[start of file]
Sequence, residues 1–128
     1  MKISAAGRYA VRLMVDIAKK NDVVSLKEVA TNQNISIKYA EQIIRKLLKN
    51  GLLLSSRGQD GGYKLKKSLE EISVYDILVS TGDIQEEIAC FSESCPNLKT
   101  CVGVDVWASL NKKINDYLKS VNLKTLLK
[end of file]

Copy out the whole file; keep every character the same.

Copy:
Sequence, residues 1–128
     1  MKISAAGRYA VRLMVDIAKK NDVVSLKEVA TNQNISIKYA EQIIRKLLKN
    51  GLLLSSRGQD GGYKLKKSLE EISVYDILVS TGDIQEEIAC FSESCPNLKT
   101  CVGVDVWASL NKKINDYLKS VNLKTLLK